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The Puzzle Man

by Tim Walsh

David L. Hoyt can’t read your mind exactly, but after 25 years of creating wildly popular brain-teasers, he has a good idea of how you think. No, he doesn’t have E-S-P, but he does have a serious case of the E-S-Ts.

David L. Hoyt is one of the boldEST people you’ll meet.

In 1993, David quit his job and sold his apartment to chase a dream – a pretty gutsy move for a guy making good money as a trader on the floor of the Chicago Board of Options Exchange. “I had money, but not happiness,” he shared. “Ever since the 4th grade, I wanted to be an inventor.” A seed that had been germinating for 40 years broke ground when a fellow trader showed Hoyt a game from Meyer-Glass, a local toy and game design company. The trader had just invested in the company and was excited to share that the game had recently been sold to Hasbro, the international toy giant. Hoyt asked his colleague incredulously, “You mean you can make money inventing games!?” When the man said yes, David decided “right then and there” to take a big risk and reboot his life.

Of course the analytical brain that would one day entertain millions, had to have a plan. “I decided to give myself 4 years to make it work, and so for 12 hours a day, I just figured out how to be a game inventor,” he said. Although he sold a game to Parker Brother in 1993, his big breakthrough didn’t happen until 1997 when he licensed games to Hasbro, Mattel, Cadaco and Tiger Electronics – all in one year. “I gave myself 4 years to really make it, and it took exactly 4 years.”

David L. Hoyt is one of the greatEST game and puzzle makers ever.

Shortly after his breakthrough, Hoyt went into Tribune Media Services (TMS), the syndicators of the famous JUMBLE word puzzle, with a variant on JUMBLE he had created called JUMBLE Plus. In partnership with TMS, he ended up selling JUMBLE Plus to Cadaco, another Chicago-based game company. “I eventually created all kinds of JUMBLE branded games like TV JUMBLE, JUMBLE Crosswords, JUMBLE Brain Busters and all the while, I was creating other games and selling them to Hasbro and Mattel,” he said.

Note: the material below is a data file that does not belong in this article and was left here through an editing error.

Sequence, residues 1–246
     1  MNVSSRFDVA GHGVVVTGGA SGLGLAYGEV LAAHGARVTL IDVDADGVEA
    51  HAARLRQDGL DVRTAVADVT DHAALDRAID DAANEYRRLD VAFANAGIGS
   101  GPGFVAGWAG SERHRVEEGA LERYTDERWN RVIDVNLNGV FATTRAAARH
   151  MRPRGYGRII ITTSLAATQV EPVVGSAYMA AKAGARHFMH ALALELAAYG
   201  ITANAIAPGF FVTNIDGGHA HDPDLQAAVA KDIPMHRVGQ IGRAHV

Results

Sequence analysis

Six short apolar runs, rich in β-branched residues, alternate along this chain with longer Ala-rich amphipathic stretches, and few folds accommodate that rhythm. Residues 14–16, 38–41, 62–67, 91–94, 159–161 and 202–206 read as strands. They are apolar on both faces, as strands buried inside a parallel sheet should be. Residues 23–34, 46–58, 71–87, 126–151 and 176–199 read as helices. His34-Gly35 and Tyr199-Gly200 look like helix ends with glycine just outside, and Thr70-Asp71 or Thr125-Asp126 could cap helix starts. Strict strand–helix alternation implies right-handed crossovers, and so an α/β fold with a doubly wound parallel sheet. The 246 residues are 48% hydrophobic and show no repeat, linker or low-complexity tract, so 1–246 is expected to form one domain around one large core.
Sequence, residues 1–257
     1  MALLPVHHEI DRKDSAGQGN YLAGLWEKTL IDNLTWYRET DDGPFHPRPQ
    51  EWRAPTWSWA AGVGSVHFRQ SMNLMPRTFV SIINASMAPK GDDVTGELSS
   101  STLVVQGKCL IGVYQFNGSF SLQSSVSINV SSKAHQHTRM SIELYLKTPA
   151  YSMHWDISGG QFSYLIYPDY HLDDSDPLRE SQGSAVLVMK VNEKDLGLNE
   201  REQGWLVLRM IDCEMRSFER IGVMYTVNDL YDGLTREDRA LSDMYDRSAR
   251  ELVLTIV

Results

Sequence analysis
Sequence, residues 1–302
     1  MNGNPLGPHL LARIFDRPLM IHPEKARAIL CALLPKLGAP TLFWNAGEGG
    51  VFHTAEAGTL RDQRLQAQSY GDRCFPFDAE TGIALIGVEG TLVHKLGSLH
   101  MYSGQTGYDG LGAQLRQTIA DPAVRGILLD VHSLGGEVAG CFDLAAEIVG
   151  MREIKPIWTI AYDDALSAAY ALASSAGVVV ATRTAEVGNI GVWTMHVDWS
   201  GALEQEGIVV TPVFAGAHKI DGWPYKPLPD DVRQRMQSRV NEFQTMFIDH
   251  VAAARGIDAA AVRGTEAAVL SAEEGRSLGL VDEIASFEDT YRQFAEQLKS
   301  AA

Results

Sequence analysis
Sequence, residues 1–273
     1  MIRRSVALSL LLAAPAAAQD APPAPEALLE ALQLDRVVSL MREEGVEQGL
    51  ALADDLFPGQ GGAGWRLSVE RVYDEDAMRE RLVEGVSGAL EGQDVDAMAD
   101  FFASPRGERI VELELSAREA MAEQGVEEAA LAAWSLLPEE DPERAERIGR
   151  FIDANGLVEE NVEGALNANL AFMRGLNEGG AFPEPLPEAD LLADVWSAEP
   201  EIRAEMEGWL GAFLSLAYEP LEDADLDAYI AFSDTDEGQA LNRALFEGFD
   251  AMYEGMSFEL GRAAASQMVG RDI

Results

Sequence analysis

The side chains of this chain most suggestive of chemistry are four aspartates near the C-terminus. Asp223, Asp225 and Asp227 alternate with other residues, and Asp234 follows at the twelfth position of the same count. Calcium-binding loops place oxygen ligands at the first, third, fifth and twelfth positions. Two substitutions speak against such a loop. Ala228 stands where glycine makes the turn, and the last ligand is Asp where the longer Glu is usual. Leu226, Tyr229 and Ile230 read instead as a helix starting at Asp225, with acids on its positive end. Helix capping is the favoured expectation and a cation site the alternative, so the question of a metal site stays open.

The hits just kept coming. Over the years he created or co-created Boggle BrainBuster, Pat Sajak’s Lucky Letters, USA Today’s Word Roundup, USA Today’s Up & Down Words and many more brain-tickling creations. Then in 2011, Tribune Media Services asked Hoyt to replace puzzle-maker Mike Argirion as the writer of JUMBLE, making him the most syndicated puzzle maker in America. Hoyt and illustrator Jeff Knurek have been creating the popular daily JUMBLE puzzle ever since.

David L. Hoyt is one of the hardEST working creatives in the world.

David currently creates content for 10 different daily syndicated puzzles. “I will do one month’s worth of USA Today Word Round Up puzzles in a day or a month’s worth of puzzles for USA Today Up & Down Words. It takes a lot of time to do 10 puzzles a day, but because I start so early, I can usually get all my stuff done before most people even get to work,” he shared. Hoyt gets up every morning a 4am without ever setting an alarm. Why? He confessed, “I just love what I do. I cannot wait to wake up and do it.”

David L. Hoyt created one the the largEST floor games ever devised

In 2011, David partnered with Graeme Thomson and Steve Bullock to create the Word Winder board game, online game and mobile games. Then in 2013, he and his team went big and started making Giant Word Winder. In the game, players layout any number of 2-foot by 2-foot boards, each of which contain a grid of 16 letters. From there the word finding fun begins in GIANT fashion.